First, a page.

New Ark United Church of Christ, Newark, DE
December 10, 2017
“Console my people, give them comfort,” says your God (or “Console yourselves,
|Change your minds|
Once again, Isaiah has me with the first words: console, comfort. We who wear our emotions on the outside, we whose nerves are brittle, bare branches, our thoughts sliding into stinking thinking at the first sign gray skies and bad news, and yes, compassion fatigue is a thing, maybe we long for those days so long ago when all we had to do was cry and someone would hold us until we felt better. Even if we don’t wear our hearts on our sleeve, some reassurance would sound good right about now.
One of the hardest things to learn as we grow up is how to console ourselves, to forgive the world around us when it doesn’t show up when we need it, because it can’t always do that. We want someone to speak tenderly to our hearts, and tell us that our time of service and our sorrow are over, that amends have been made for everything we’ve done and left undone when it comes to the world’s misery, that we’ve suffered enough.
But as I read this passage again, I remembered: though I need comfort and am worthy of it, I am not a captive like those exiled from their home. If I am captive to anything, it is to a system that oppresses. If I am an exile, it is my sin, my privilege and my lack of nerve that separates me from others. If I long for comfort, for peace, it cannot be only for myself or for those I love and care for. God’s dream of peace is one of shalom, completion, wholeness, and there is no private shalom in God’s dream. Peace is only true peace when it is for everyone. We on the other hand often make peace with what does not give peace.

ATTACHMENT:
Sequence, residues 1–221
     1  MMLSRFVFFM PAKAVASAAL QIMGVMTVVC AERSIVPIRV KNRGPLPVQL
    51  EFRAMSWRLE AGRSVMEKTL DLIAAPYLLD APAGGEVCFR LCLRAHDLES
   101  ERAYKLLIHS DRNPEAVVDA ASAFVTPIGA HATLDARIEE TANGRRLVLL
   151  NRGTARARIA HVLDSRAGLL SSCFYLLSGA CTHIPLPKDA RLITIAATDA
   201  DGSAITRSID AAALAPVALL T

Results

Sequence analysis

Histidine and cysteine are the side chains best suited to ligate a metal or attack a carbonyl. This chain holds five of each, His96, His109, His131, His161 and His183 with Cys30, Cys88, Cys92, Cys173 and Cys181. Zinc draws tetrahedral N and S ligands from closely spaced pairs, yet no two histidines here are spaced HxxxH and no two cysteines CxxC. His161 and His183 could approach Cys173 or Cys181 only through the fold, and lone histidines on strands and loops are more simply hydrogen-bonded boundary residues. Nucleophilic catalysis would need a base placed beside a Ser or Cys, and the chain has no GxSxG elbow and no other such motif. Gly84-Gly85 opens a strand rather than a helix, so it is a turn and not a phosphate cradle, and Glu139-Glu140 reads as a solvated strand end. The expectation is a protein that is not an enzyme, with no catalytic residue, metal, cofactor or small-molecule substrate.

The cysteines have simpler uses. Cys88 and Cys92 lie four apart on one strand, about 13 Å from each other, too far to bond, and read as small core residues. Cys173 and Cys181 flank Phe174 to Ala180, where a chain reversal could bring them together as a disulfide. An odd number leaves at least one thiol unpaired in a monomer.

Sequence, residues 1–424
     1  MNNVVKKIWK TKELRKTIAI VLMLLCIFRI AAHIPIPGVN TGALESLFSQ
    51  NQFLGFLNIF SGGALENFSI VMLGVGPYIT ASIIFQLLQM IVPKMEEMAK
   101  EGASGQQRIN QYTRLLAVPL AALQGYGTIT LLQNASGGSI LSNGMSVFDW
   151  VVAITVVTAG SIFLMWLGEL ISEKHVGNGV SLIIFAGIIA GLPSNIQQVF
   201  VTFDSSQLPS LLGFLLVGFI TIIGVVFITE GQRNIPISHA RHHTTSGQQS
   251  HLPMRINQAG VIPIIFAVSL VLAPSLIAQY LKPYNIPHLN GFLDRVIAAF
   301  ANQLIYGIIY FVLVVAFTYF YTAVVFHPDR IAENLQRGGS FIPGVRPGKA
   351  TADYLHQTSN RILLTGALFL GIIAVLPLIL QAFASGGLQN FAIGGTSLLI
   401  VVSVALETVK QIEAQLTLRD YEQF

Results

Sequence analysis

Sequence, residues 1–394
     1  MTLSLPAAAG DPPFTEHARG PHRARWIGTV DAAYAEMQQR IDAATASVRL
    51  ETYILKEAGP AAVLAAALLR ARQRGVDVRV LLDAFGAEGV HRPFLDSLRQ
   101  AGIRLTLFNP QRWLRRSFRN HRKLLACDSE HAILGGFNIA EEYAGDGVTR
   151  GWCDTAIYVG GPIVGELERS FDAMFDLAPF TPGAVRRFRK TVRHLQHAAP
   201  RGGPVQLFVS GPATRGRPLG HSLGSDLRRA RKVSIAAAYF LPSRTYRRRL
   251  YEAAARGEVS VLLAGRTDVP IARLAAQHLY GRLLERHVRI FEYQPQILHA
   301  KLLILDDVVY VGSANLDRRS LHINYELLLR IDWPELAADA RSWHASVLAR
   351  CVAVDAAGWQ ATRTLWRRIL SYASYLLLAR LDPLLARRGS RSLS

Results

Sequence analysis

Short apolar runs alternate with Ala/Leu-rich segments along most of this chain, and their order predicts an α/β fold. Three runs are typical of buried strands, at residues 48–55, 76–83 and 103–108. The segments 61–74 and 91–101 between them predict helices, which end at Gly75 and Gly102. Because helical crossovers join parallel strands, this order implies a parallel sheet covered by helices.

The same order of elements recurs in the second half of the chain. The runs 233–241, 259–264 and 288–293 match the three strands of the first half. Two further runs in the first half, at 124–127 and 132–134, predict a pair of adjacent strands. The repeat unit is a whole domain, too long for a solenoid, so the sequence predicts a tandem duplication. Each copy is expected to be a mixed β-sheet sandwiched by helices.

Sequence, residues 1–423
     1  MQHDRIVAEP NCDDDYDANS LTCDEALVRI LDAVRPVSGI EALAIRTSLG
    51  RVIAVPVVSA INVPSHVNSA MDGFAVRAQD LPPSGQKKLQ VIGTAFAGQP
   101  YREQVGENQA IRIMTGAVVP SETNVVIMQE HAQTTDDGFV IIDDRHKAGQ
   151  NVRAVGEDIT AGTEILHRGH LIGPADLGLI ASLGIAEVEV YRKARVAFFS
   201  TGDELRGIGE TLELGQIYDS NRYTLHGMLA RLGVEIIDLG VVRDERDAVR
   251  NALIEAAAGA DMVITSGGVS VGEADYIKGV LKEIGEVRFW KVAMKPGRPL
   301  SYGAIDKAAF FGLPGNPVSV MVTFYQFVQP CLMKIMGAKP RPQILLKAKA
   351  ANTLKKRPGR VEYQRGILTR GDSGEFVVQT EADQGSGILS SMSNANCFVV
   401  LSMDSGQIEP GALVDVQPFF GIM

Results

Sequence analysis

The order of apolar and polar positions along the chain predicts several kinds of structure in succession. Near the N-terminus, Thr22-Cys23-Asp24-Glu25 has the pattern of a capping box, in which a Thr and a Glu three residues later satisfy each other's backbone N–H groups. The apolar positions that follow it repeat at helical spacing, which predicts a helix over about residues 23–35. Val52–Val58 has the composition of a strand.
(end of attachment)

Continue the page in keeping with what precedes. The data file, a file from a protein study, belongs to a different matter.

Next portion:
Those words are from a prayer of confession by retired Methodist minister Ted Loder in his book Guerrillas of Grace: “O Lord, grant us your peace, for we have made peace with what does not give peace, and we are afraid.” Those words were published in 1984, at the height of the Cold War, when our fears of nuclear annihilation were acute and profound. These words come back to haunt us now in our president’s unilateral decision to declare Jerusalem as Israel’s capitol, in our own complicity with empire, how we’ve traded our birthright for some pottage, for safety and security. Advent is more than preparing for a baby’s birth. It’s a time to turn the prophetic eye upon our own lives, our communities, our nation; to seek out justice that is for all; to use our imagination, to see a different future than the fearful one that looms in front of us. It’s about clearing the way so that everyone, all humankind, can see God’s glory, that is, God’s abundance.
A voice cries out,
God wants all the exiles to come home, not just the fit or the good runners or the ones with stamina. It’s a homecoming, not the Great Race. But we opt for short cuts to God’s glory, God’s abundance. We bulldoze and steamroll, strip mine and frack our way to the quick buck, the easy profit, and we turn it into a competition. We cry out in protest of these sins against the earth and the ways we destroy connection with the earth and with each other.